The bigger the opportunity the more bespoke and individual your solution should be. Whilst reusing materials and thinking from other bids is tempting, it is often a shortcut that leads to an early exit. Pay your clients the courtesy of ensuring your proposal is as relevant and specific to their needs as possible, and not just a copy-and-paste job. However it looks initially, all clients and opportunities are different, and should be treated as such.

7 — don’t be precious about your solution

However much research you do, the person who knows your client best will be…your client. You may have designed what appears to you to be the perfect solution to their problems, but if they disagree — listen, learn, iterate. Use all feedback and challenge as an opportunity to improve your solution, as there is little better at building relationships and engagement with a potential client than showing you can listen.

8 — focus on what’s really important

Often there are one or two critical factors on a bid. Identifying and resolving these will often put you in pole position. These factors may be an explicit requirement like resolving a specific performance issue, or a delivering a short-term financial saving, but they could equally be a ‘softer’ implicit problem like resolving a specific complaint from a senior executive. Do your best to identify these factors and test them with the client — discretely if needed! Once you understand these key outcomes make your path to resolving them a clear part of your proposal.

9 — go big or go home

As bids progress, and you (hopefully) move from one stage to the next as your competition drops away, it is essential that you hold your nerve and commitment. The latter stage of a bid process are no place to try and hedge your bets — there are no prizes for second place. If you are still in the race to win the bid — and still want to win — give your bid team the support and resources they need to do the best job possible.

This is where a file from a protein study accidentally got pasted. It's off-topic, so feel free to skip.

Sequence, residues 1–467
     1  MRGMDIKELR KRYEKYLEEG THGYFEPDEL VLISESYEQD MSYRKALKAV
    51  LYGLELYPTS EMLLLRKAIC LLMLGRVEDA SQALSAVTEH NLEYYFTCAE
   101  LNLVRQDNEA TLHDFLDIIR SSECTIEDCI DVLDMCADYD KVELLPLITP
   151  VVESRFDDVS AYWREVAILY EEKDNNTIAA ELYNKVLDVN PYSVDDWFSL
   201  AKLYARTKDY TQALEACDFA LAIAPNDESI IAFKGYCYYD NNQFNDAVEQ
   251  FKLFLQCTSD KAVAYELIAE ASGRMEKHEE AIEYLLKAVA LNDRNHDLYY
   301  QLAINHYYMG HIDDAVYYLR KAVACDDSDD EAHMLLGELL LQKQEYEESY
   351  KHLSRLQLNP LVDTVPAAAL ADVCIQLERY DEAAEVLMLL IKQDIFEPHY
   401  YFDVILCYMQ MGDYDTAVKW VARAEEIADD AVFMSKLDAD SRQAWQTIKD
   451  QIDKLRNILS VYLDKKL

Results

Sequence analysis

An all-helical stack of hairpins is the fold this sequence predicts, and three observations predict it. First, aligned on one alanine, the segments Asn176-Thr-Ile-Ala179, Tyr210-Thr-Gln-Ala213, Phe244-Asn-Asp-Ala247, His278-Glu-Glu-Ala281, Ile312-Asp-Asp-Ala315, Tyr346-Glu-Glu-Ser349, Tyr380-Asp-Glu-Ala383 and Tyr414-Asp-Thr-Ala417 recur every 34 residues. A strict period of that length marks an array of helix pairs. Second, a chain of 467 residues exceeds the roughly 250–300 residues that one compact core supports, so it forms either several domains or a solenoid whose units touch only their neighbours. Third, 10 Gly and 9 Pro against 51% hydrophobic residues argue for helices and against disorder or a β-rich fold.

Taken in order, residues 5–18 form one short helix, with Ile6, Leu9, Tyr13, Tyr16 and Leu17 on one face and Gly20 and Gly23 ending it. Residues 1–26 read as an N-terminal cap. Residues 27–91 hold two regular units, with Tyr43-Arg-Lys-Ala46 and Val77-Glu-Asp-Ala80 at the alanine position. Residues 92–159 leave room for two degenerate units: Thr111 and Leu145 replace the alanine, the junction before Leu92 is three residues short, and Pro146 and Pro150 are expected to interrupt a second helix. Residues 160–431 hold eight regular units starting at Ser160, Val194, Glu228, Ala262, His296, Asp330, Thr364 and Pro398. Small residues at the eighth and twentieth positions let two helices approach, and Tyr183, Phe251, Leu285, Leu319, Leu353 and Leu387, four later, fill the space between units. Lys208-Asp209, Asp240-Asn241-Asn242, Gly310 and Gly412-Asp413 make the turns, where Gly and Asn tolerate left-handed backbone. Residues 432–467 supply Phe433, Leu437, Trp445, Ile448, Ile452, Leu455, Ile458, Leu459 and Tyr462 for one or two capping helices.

10 — say what you mean, mean what you say

Nothing will cause your potential client to lose confidence in your proposal quicker than your backing away from apparent commitments and promises as the bid progresses. Be clear what you are committing to delivering from the start, and don’t hide caveats and assumptions away in your bid in the hope that the client won’t notice until you’ve already won. They will notice, and they won’t like it. Its far better to be clear from the start.

11 — be open

Transparency builds trust. Make every element of your proposal as simple and clear as possible — from the operational solution to the pricing model and the commercial mechanisms that support them. Remember that the team evaluating your bid may come from a wide range of backgrounds and professions, so make it as easy as possible for them to understand your offer as a whole.

12 — select a partner in haste, repent at leisure

If you do need a partner to help you deliver the contract, start the process early. Decide what you need from a partner and what you can offer in return. Set the criteria to select the right partner, and stick to it. Many bids have fallen apart because a hasty partnership was formed based on different expectations. Make sure that you are aligned on the key issues, present a united front, be open with each other and clear on what role you will each play on the bid and beyond.

Bidding is an exciting, challenging and creative activity, and one that can supercharge your growth. It is also expensive, and full of the potential to distract. Follow these principles and you will increase your chances of success whatever the bid size or sector.

Don’t just bid — bid to win.

Originally published at www.emergentbusiness.co.uk.